Ultimately, the entire geek universe and culture is going through a really long growing pain. We’ve won mainstream support. We’re getting big flood lights pointed into our shadier areas. A lot of things are changing; some even for the better. Evolution can be painful, but we will survive. Stuff like Heroes of Cosplay has happened many times before and it will happen again and again.
Friday, July 26, 2013
It’s been a while since I’ve written a blog update. I’ve been busy, I promise. Just too busy to sit and write a build log. So, in the spirit of playing catch up, here is The Batsmasher.
This is the second of, what I hope to be, many commissions from the talented ~RedxHarlxoxo. Harley has many weapons, and one of my personal favorites has always been her huge hammer.
When I was asked if I could build that, well of course I said yes (I always do, don’t I). How hard could it be?
The core construction was easy enough. A large concrete forming tube and a section of pipe running through the middle. This pipe was to guide and secure the wooden handle.
The handle slid right in and simply screwed onto a bolt at the top.
This kept the whole thing light.
I sealed the whole tube with a few coats of fiberglass resin. This helped to hide the spiral running down the tube.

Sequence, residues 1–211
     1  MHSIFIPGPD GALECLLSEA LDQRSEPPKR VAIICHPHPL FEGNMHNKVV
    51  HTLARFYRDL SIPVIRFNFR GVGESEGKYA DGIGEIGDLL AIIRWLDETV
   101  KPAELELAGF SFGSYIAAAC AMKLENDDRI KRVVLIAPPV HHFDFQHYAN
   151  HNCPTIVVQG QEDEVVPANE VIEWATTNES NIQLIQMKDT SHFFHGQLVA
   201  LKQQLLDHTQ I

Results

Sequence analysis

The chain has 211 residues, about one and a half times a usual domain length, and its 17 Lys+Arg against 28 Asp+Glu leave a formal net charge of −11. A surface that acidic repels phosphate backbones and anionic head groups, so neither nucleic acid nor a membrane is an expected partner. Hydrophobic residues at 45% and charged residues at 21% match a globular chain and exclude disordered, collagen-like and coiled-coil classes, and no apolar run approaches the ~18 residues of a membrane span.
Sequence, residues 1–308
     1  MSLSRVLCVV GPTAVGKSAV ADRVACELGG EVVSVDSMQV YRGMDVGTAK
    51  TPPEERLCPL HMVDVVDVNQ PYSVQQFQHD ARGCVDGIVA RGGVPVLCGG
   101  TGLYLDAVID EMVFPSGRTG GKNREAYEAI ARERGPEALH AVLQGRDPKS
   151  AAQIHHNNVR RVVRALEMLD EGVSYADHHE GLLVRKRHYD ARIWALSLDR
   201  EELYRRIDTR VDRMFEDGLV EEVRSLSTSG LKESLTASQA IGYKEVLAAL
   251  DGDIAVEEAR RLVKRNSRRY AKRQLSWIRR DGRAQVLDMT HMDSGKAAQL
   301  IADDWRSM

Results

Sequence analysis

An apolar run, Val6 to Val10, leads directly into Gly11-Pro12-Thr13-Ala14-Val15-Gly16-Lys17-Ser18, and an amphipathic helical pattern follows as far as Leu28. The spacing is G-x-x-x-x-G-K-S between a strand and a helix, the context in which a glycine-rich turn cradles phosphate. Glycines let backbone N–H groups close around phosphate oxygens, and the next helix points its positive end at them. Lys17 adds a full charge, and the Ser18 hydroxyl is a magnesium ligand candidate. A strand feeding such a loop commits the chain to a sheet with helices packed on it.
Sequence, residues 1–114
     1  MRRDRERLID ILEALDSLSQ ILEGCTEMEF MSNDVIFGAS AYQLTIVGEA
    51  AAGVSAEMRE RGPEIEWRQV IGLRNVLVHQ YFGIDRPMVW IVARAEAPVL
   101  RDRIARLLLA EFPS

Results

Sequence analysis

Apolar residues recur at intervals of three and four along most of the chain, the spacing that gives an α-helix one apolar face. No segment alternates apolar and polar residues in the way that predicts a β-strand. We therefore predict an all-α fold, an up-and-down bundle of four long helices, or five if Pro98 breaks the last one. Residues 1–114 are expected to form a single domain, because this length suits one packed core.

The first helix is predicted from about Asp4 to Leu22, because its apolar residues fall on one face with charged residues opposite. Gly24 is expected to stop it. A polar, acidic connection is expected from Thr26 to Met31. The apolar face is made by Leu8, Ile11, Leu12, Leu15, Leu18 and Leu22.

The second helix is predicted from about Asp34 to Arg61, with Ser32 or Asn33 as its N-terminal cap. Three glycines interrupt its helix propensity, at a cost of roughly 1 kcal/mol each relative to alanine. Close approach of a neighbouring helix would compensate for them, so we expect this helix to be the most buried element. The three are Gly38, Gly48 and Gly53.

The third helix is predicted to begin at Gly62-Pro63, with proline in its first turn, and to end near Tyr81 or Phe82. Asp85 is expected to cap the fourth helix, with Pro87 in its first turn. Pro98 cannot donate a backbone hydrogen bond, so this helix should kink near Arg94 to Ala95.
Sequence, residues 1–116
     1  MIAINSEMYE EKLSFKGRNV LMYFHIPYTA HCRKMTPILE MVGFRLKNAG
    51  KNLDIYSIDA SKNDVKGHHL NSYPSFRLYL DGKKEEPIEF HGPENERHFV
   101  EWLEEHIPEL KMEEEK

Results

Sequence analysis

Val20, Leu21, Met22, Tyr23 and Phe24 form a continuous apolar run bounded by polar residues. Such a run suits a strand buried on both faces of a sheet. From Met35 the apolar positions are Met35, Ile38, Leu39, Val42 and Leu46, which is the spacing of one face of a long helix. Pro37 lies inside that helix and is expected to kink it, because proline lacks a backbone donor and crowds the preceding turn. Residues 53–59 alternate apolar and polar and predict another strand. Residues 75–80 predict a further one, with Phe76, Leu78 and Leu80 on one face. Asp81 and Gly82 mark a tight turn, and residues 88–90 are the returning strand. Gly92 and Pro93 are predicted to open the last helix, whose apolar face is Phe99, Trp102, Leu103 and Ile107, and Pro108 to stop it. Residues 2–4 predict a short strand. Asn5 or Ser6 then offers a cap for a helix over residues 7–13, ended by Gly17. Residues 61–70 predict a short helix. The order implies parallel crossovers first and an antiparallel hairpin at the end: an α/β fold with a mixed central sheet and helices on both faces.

There was some confusion with the paint, that led to the first of several set backs.
Turned out this was one of those voodoo/witchcraft paints that goes on purple and dries brown.
To cap the ends, I used EVA foam that I carved a wood like pattern into and glued them in place.
Now for more purple/brown paint.
And I now have a giant Tootsie Roll. Great.
Several hours with the airbrush later, I was getting something that looked more wood and less candy.
After a while, I finally got the paint right, only to screw up parts of it later.
Next we have the tension bands and rivets to hold it in place. This was a fun little trick that turned out better than I expected, but the glue ruined some of the paint.
Some touch up and repaint, and it looked much better.
And I really need to get a better shop camera. Sorry.
The next set back came for the ^$%@&$*$%^!!! handle. It was too long to ship in one piece. Making a sectional wooden handle is not something I’m good at, and proved again when I busted the wooden handle trying to fix it.
I didn’t want to, for various reasons, but I had to go back to my old friend PVC pipe. It could be sectional easily, but I had to keep it from looking like pipe.
I took one section and permanently installed it inside the hammer, leaving a coupling section out for the rest of the handle. The other two pieces were also joined with a coupling…a heavily modified coupling.
In the end, I am really pleased with how this turned out. Yeah, I’d do some things differently if I built it again, but that’s true of almost everything I build.
Did I mention I came in just under 6 feet tall?